At this point of slating a book, I move onto the bit I liked about the story. Um, yeah. Even the cover was not particularly inspiring.

Conclusion: Good to help the insomniacs.

Book Review: ‘Robin Hood’ by Carola Oman

Book Review:

Robin Hood

by Carola Oman

 

Rating: 4/5

Published By JM Dent & Sons Ltd in 1975 (originally 1949)

ISBN 0 460 02177 X

 

Robin Hood is one of the most famous fictional characters in the world, with his tales dating back into the middle ages. The truth and fiction is mixed up, with theories that he was based on various real people, and tales being collected and changed across the centuries. He is an English hero, among the greats of Sherlock Holmes and King Arthur.

Carola Oman’s book is not one continuous tale, but a collection of stories about Robin Hood collected together with a loose connection. Her tale begins with Sir Richard of the Lee in debt and in danger of losing his lands, where he meets Robin Hood who helps him. Sir Richard makes several more appearances throughout the novel, playing a major part. All of the other characters expected in Robin Hood tales also appear; Little John, Maid Marion, Will Scarlet and of course the wicked Sheriff of Nottingham.

The book begins with Robin already being an outlaw with his band of merry men in the forest of Sherwood. It was written for children, and takes a gentle atmosphere, full of merriment and heroism. It is a nice book, innocent and inoffensive to anyone, as to be expected for children’s books. So it is a child’s book, why did I read it? Because I enjoyed it.  The character of Robin is loveable and infallible, and he is more Errol Flynn than Kevin Costner, swashbuckling his way through the baddies.

Yet it is not perfect. Sometimes the writing is dated, and the speech is almost a stereotype of medieval talk. There are parts that could have had more detail. At one point they go to the Sheriff, but it is only touched upon in a couple of lines of speech. It is a major plot point dismissed in an instant. The tension does feel lacking, probably because of this point. I would also have liked more background on Robin Hood, as I feel it started too late in his story. There are some parts of his background that leave questions open.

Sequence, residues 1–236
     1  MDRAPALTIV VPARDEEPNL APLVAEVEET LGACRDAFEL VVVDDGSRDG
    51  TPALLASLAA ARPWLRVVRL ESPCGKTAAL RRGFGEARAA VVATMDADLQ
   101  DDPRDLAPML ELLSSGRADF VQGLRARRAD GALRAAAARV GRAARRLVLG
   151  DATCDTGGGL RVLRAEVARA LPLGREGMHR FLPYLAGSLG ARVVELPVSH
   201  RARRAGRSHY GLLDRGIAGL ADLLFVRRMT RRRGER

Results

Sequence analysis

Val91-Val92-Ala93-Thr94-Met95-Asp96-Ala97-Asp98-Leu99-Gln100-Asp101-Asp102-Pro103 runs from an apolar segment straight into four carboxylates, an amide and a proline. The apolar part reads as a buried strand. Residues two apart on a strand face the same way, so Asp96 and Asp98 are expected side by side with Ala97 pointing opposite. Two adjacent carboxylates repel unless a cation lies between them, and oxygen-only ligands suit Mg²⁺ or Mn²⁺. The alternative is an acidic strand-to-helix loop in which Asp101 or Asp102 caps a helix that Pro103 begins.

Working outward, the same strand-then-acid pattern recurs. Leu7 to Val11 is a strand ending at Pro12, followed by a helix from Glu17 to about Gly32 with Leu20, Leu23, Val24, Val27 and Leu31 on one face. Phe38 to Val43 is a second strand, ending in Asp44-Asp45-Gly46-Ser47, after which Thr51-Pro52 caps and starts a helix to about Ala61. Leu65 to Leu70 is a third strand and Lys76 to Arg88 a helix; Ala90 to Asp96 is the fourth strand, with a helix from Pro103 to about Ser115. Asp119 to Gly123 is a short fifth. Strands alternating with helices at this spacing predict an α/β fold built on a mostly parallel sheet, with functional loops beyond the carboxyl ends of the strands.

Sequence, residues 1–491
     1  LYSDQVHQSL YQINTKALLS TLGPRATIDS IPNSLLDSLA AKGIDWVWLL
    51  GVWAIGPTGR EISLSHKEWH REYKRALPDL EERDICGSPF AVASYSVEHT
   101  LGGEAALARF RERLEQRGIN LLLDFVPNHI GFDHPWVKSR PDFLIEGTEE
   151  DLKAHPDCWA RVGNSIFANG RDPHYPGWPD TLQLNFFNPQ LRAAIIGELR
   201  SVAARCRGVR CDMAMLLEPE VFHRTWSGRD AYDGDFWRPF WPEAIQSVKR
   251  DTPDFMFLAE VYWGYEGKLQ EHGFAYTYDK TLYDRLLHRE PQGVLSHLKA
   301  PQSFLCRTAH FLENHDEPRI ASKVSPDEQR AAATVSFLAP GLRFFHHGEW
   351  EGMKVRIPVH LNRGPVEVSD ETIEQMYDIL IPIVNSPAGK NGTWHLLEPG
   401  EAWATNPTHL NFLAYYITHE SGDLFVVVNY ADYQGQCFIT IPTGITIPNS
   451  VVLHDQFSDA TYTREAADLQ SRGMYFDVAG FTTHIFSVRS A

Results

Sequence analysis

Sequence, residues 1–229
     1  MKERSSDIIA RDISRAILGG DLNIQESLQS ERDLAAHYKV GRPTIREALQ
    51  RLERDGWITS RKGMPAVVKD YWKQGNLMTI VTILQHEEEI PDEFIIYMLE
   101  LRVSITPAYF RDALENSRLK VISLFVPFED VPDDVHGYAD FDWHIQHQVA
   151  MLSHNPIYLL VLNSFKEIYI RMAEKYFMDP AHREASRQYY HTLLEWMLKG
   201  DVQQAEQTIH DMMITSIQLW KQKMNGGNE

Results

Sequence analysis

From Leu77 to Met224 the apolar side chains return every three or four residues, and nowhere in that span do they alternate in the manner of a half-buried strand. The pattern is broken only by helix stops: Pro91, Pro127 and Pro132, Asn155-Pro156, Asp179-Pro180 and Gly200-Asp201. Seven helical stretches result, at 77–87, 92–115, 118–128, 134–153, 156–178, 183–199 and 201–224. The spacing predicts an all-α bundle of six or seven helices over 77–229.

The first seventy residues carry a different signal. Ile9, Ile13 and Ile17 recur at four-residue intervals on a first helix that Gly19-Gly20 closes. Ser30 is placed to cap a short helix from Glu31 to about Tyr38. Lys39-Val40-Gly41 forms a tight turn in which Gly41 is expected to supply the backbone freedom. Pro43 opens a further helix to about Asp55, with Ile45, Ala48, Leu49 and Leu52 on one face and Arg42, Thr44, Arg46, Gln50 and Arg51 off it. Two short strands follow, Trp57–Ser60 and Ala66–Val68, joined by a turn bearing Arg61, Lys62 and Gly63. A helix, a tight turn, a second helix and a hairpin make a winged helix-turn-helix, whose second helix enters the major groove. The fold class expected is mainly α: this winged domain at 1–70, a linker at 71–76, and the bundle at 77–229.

Verdict: Despite a few shortcomings, it is a fun take on a well used theme.

Book Review: ‘Haunted’ by James Herbert

Book review
‘Haunted’
by James Herbert

Rating: 2/5
ISBN-13: 978-0330451574
First Published 1988

The book follows the simple idea of a haunted house. David Ash is a psychic investigator who uncovers fake hauntings and has doubts as to the existence of ghosts. His sceptical view stems from a dark childhood secret. He travels to Edbrook, a remote country house, to investigate a haunting and stays with the Mariell family and begins to unravel their family secret.
Ok, so I have not read James Herbert for a while as I was getting fed up with his books. I got this book cheap in a charity shop, which is the best place to get books in my opinion. Or at least until I am an author and my royalties are affected. I had an open mind. Maybe with the passing of time, I would like his books again, maybe I had just read several duff books and this would be the one to bring me back.
The blurb in the dust cover promises that ‘he has taken on the haunted-house mystery story and re-forged it in his own uniquely brilliant and terrifying way.’ Sadly, the book is different to other haunted house stories in that James Herbert uses all the themes that he uses in all of his books, as well as every theme that haunted house films and books have used since, well, since houses were haunted.